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Mendocino County Today: January 17, 2013

AS A LETTER WRITER reminded us this week, in any round-up of unsolved Mendocino County murders, those of Charles ‘Buzzy’ Mitchell, 66, and his son Nolan Mitchell, 34, must be included. Mitchell Sr. was bludgeoned to death outside his home on Orr Springs Road (Ukiah). Mitchell had been a candidate for a seat on the Coyote Valley Tribal Council. There was talk at the time that his 2004 murder was related to the intense tribal political infighting prevalent at the time. Nolan Mitchel was apparently unaware that his father was being beaten to death only a few yards from where Nolan was subsequently shot to death as he slept inside the home he shared with his father.

ALSO UNSOLVED is the case of Jergun Knemeyer, 57, of Willits. Knemeyer was found beaten to death in his home on Aug. 8, 1999. Miller said police believe Knemeyer, whose remains were not found until several days after he was killed, had been growing marijuana. The Sheriff's Department has assumed his death was related to his enterprise, as the following from the Sheriff's website makes clear.

Knemeyer
Knemeyer

On August 14, 1999 at 12:30pm a deputy from the Mendocino County Sheriff's Office was dispatched to Jergun Knemyer's Willits home on Hill Top Road on a welfare check. A neighbor had reported seeing the back door to Jergun Knemeyer's home open with the interior lights being on since 3am. Upon entering the residence, the Deputy located Jergun Knemeyer deceased from injuries obviously associated with a homicide. During investigations detectives learned a family member had last spoken with Jergun Knemeyer on August 12, 1999 at 9:30pm. At this time it is unclear the motive for the homicide but growing marijuana was located at Jergun Knemeyer's home during the processing of the crime scene. Anyone with information in regards to the murder of Jergun Knemeyer is asked to contact the Sheriff's Office Tip-Line by calling 707-234-2100

Age at time of murder: 56 years old

Height: 5 feet 9 inches tall

Weight: 185 lbs.

Hair: Gray

Eyes: Hazel

MCSO Case#: 99-2653

Date of last contact: August 12, 1999

Jergun ‘Yo’ Knemeyer aka Jurgen Knemeyer

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Gillaspie
Gillaspie

ON JANUARY 13, 2013 at approximately 7:18pm a Mendocino County Deputy Sheriff was dispatched to contact a parent who wanted to report a sexual abuse incident. Upon contact the parent reported they had dropped their four-year-old male child off at a friend's residence earlier in the day for babysitting. Approximately four hours later the parent returned to the residence to retrieve the child. Upon arrival the parent learned the friend had found the child alone with suspect Kyle Andrew Gillaspie, 26, of Willits, inside the residence during the parent's absence. The friend noticed the child was partially unclothed and became suspicious as a result. During a brief questioning the child disclosed information that suggested the child had been sexually abused by Gillaspie, who resided at the friend's residence. Sheriff's Detectives were contacted and immediate investigations were conducted as a result. During that time detectives conducted numerous interviews and established probable cause that showed Gillaspie had sexually abused the child. Gillaspie was arrested by detectives and transported to the Mendocino County Jail where he was booked on charges of committing a lewd act on a child and penetration with a foreign object. Gillaspie is currently being held in lieu of $100,000 bail.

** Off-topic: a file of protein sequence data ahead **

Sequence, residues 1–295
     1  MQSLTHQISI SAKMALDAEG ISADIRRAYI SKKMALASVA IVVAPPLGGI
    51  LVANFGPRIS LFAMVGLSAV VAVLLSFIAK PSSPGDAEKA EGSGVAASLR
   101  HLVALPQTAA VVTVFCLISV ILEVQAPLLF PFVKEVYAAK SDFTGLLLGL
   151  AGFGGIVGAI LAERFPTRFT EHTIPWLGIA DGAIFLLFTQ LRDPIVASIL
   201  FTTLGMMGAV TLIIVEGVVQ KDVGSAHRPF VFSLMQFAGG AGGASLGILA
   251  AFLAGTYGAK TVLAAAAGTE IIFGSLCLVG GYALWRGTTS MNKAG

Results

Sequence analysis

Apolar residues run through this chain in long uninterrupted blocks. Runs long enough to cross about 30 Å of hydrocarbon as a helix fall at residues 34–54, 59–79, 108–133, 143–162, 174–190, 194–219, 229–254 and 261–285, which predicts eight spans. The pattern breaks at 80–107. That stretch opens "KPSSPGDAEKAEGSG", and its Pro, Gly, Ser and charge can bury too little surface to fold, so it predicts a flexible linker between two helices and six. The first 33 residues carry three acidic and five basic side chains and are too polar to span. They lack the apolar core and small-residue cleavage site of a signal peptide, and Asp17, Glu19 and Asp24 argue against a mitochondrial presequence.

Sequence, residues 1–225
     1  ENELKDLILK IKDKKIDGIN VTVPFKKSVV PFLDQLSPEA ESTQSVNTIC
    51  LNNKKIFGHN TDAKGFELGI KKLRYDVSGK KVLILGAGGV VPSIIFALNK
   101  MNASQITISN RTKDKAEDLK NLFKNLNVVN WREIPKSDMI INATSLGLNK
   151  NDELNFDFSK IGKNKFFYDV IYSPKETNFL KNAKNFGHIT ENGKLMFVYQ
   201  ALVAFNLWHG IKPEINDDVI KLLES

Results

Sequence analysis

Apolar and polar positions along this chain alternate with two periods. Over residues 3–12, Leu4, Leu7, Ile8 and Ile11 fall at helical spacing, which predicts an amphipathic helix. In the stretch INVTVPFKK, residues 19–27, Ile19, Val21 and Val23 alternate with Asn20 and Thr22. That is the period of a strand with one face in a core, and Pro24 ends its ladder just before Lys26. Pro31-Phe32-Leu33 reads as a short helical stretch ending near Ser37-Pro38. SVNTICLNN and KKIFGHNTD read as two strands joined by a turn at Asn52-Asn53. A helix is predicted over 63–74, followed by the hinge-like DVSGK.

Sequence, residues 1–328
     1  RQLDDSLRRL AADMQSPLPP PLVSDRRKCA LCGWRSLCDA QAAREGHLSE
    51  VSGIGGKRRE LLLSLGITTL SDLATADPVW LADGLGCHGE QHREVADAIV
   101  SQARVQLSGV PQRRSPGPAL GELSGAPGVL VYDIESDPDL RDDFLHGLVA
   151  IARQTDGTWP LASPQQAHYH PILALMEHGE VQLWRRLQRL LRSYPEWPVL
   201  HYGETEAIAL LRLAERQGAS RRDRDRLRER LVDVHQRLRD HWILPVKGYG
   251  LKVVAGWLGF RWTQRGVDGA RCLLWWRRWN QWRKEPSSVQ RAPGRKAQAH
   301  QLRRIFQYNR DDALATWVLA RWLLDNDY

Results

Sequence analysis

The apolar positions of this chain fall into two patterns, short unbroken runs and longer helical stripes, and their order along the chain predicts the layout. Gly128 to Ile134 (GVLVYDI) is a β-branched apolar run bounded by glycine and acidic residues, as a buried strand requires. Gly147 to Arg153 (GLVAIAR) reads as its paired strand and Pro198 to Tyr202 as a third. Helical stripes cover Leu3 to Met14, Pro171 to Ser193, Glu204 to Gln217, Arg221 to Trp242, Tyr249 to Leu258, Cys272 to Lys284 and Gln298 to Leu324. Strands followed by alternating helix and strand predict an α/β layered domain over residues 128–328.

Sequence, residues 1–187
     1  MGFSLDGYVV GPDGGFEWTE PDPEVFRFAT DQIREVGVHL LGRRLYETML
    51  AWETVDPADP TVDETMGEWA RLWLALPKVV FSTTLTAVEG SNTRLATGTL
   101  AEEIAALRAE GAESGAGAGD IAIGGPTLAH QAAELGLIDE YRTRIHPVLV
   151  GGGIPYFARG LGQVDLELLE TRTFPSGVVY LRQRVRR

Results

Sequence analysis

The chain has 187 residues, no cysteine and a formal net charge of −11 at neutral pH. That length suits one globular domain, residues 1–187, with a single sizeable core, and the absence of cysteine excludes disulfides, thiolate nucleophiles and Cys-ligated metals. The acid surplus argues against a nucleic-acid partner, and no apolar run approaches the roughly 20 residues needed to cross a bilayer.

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COMMENT OF THE DAY (Who else can make economics this much fun?): “The Fed, the US Government, and the less-completely-fucked Wall Street powers like Goldman and Barclays and Citigroup absolutely did conspire to seize AIG and then use a monstrous mixture of AIG's assets and public money to keep themselves alive. In essence, AIG was the helpless fat guy in the lifeboat who got eaten when the rest of the survivors ran out of food.” — Matt Taibbi, Rolling Stone Magazine